Life in a Cottage Garden with Carol Klein Series 1 Episode 5

 Life in a Cottage Garden with Carol Klein Series 1 Episode 5

Carol Klein welcomes us to Life in a Cottage Garden at her home Glebe Cottage, Chittlehamholt near Umberleigh Devon, 15 miles from the coast.

For over 30 years Carol has looked after the garden which is loved not only by herself but her family too and she knows every part of the soil and the plants.

She loves spending time in the garden and enjoying the peace of the surrounding countryside.

Every season brings delight, challenges and problems 'but that's the thing about gardening, it's ever-changing and its's always exhilarating.

Over the 6 episodes Carol is going to show a whole year in the garden 'how it grows, flourishes, dies and is reborn.

In September and October the garden reaches its Autumn peak with the smell of ripening fruit and colour everywhere from brilliant yellow, blues from Michaelmas Daises, vibrant Canna and Dahlias.

Michaelmas Daises

Autumn is not just a corridor between Summer and Winter but a season of its own and you have to be out collecting seeds, the digging begins the air is filled with the smells of bonfires and decay.


They have 2 daughters Annie and Alice and they each have their own garden and Carol loves it when they come and visit.

Carol big project this year was to completely redo Annie's garden and Annie is in the garden to help decide what to do about the diseased Apple Tree.

Apple Canker

It has Canker and lots of dead bits although in the Spring it was full of blossom and now full of fruit.

Annie says its been there as long as she can remember and as it is diseased and may spread it, it may be time to say goodbye to the tree.

It will be sad she says as it is a big part of the garden 'all good things come to an end'.

Carol and Annie Klein

'Really? that's very philosophical of you' says a surprised mum who very shocked as she thought the tree wouldn't be allowed to be touched.

Maybe juicing the apples to remember it by suggests Annie.

It is raining so Carol heads for her potting shed and she says you always want September to have an 'Indian Summer' but today it is windy and pouring with rain.

Carol Klein

This gives her a chance to catch up in the potting shed and she has some Aquilegias she sowed a few weeks ago and because they flower early you can collect the seeds early and get them sowed.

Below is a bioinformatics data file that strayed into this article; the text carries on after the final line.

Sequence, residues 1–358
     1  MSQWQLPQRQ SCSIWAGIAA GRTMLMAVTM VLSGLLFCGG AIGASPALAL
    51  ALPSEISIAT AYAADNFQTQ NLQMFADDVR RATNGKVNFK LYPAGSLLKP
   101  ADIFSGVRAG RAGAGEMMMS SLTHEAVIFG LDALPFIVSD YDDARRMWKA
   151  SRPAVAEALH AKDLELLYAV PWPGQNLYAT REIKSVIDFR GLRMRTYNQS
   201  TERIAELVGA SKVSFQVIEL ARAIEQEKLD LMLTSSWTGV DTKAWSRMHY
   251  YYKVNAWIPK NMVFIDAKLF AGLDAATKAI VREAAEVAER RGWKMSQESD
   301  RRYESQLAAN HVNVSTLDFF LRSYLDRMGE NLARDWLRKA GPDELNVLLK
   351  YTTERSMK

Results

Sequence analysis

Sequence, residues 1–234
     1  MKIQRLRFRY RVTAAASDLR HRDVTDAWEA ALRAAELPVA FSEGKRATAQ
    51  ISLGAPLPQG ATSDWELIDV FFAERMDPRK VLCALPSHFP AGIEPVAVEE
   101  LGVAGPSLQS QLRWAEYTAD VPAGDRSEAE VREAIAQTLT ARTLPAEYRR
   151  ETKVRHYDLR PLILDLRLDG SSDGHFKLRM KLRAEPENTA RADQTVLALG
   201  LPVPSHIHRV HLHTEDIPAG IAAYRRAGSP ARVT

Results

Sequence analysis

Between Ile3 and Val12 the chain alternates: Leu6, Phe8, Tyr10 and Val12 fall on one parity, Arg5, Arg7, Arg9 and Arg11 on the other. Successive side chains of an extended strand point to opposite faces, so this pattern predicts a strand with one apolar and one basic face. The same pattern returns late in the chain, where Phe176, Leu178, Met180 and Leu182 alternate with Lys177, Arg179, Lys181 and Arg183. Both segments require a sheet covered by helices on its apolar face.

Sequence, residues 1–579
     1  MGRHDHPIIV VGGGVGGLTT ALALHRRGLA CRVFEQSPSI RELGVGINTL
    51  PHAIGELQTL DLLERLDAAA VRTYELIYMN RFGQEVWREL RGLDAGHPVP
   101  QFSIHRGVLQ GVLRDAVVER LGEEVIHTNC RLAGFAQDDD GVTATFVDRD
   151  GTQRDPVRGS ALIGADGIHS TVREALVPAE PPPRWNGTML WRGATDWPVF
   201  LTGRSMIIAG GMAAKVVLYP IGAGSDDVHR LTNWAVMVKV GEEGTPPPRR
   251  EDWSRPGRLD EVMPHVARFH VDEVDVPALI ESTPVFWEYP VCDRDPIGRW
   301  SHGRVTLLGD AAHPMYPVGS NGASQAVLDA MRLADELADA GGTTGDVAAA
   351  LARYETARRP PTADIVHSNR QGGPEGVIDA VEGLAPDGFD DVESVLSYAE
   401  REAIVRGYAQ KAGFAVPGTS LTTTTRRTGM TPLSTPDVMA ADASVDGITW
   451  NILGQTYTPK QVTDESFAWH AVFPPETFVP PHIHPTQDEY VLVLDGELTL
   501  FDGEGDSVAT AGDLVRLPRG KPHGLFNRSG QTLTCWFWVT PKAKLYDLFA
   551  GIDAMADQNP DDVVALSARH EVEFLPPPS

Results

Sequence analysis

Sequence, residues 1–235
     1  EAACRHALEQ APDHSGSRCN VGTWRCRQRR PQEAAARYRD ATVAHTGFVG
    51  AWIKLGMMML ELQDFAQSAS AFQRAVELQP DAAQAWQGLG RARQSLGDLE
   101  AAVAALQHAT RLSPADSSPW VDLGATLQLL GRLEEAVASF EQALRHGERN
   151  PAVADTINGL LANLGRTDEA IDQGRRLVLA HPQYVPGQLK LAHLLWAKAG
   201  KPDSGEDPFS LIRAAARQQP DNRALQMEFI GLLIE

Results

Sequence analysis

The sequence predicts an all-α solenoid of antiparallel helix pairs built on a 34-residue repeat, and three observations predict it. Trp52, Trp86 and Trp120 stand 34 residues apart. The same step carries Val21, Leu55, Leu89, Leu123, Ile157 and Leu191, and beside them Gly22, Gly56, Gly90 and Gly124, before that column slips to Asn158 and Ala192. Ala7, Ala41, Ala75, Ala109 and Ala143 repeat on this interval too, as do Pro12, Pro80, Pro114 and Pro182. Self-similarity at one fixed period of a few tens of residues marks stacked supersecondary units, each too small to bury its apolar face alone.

These now are ready for pricking out which means by the Winter they will be a decent sized plant.

They will be ready to go out next Spring.


Carol finds these sort of jobs very restful and gives her a chance to think about the wonderful life cycle of the plants in the garden.

She pots them on in individual sections in a seed tray, covers with grit and leaves them outside for the rain to water them.

Carol is in the Hot Border that has been at its peak for the last few weeks, staking up plants that are drooping.

The Rudbeckia usually stands up on its own but its been pushed forward by the other plants, so staking will help.


There also some dead leaves to clear up from a Canna that have been mauled , some of the leaves are still pristine but the slugs and snails have been at the bottom leaves.

There is also the deadheading to keep on top of to encourage new flowers and they need cutting back to the next leaf axil, scissors will do if you have no secateurs.


When deadheading Dahlias the flower buds feel different as they are round and solid but the dead buds are squidgy and soft.

It used to be that Allotments were the only place you would see Dahlias as people would grow them to show.


Now they are accepted into 'polite garden society' and they are a dazzling plant that comes from Mexico.

If you got a Dahlia and want lots more, you need to bring them forward into growth in March somewhere warm, water and feed them to get robust shoots.

You then with a sharp knife cut off the shoot right by the tuber and pull it away.


Then you place it in a clay pot with gritty compost, you them water them well and feed them in a warm place you should get a new plant grow.

You then pot it on to a bigger pot, cover with grit as usual and grow them on although Carol recommends not putting them out in the garden the first year but to over Winter them so they make tubers so they will be more likely to survive.

Autumn, the time for garden bounty and Carol is picking bean pods and sweetcorn and hanging her onions to dry out.

Carol Klein

Carol is out after dark with her torch searching for snails and slugs with a bucket full of water to put them in.

Tomorrow she is opening her garden for the National Garden Scheme which she thoroughly enjoys doing so she wants the garden to look its best.


She really enjoys talking to the visitors and getting ideas and sharing tips and encouraging everyone.

She worries what they are going to make of her Lobelia 'its completely mullered'!

National Garden Scheme open day

It is the day of the National Garden Scheme open day and lots of people are arriving and buying their tickets.